Item #24111, $3,750

Last Formal Photograph of Lincoln, with Son “Tad”

ABRAHAM LINCOLN, Photograph [taken by Alexander Gardner, February 5, 1865], Albumen print by Bouve, Boston, Mass. Captioned, “President Lincoln and his Son Thaddeus/ The Last Photograph the President Sat For/ Published by G.F Bouve & Co, 41 Brattle St, Boston.” Image 6¼ x 8½ in., mounted on original board, 8 x 10 in.

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In this albumen print, Lincoln’s youngest son Thomas is erroneously called “Thaddeus,” because of nickname “Tad.” An unfinished Washington Monument (construction began in 1848, but was not completed until 1884) rises in the background perhaps referencing the funerary motif of a broken column symbolic of a life cut short. This image, showing father and son posing for what would be Lincoln’s last sitting.

Item #22350, $3,750

Lincoln Portrait by Currier & Ives

[ABRAHAM LINCOLN], Currier & Ives. Lithograph, New York, 1865. In 24 x 29 in. hand-gilt frame.

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Item #20323, $3,500

“Has the War Ruined the Country?”: Lincoln Re-Election Broadside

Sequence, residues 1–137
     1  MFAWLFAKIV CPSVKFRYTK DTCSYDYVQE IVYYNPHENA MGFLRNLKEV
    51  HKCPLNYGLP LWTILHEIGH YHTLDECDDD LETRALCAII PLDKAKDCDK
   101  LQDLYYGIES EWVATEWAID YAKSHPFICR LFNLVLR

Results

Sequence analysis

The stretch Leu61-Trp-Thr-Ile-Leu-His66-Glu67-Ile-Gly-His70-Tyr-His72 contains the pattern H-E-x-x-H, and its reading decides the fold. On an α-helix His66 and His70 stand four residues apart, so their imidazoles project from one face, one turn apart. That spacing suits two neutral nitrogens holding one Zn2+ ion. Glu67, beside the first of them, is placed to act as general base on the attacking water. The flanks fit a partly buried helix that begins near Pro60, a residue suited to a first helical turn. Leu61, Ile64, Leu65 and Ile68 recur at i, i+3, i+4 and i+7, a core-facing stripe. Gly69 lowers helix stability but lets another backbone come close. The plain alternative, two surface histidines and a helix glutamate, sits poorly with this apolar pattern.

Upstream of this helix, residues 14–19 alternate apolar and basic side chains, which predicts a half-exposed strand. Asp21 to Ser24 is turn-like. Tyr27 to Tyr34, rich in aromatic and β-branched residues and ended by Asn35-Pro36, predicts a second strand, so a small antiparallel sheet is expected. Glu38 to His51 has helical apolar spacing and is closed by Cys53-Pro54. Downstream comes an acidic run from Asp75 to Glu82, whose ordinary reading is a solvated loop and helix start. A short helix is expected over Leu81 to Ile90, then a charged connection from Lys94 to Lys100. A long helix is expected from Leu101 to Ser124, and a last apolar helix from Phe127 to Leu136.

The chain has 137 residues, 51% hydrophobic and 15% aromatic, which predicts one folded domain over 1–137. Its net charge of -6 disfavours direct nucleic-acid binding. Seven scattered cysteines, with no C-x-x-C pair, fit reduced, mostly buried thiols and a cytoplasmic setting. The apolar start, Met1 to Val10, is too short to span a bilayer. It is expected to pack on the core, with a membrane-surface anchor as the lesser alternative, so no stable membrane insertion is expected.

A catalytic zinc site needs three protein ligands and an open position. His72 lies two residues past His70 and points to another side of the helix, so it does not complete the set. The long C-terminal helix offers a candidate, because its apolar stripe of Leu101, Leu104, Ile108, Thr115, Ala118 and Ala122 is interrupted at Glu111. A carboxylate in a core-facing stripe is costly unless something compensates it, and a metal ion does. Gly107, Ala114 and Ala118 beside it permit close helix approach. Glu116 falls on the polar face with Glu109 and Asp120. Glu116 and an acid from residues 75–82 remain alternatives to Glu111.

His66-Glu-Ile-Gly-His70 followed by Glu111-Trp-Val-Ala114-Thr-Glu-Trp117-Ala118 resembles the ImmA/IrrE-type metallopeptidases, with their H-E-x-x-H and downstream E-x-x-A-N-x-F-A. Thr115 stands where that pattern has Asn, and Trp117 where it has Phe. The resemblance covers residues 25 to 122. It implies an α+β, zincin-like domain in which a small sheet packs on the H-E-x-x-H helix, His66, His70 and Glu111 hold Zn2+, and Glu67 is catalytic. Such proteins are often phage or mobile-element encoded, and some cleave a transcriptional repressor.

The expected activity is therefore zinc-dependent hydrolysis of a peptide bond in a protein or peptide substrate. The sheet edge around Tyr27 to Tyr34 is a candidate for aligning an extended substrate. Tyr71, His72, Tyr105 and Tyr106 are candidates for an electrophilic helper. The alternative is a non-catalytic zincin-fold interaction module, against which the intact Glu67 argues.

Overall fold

[ABRAHAM LINCOLN], Broadside. Has the War Ruined the Country? Published by the National Union Executive Committee, Astor House, New York, N.Y., [ca. 1864]. 1 p., 9 x 16 in. Inscribed “Tho. B VanDamme from P.M.J. Chesley Nov. 7, ‘64”

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“The Copperheads assert that the War has ruined the Country; that we can never pay our debt; and that the war has proved a failure. Look at these Diagrams, based on official records, and see if this is true.”

Item #24280, $3,200

Frederick A. Aiken Urging Frémont to Run Against Lincoln

FREDERICK A. AIKEN, Autograph Letter Signed, to John C. Frémont, Washington, D.C., June 12, 1864. 2 pp. 7¾ x 9¾”.

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With the war going badly, the 1864 election is no shoo-in for the incumbent.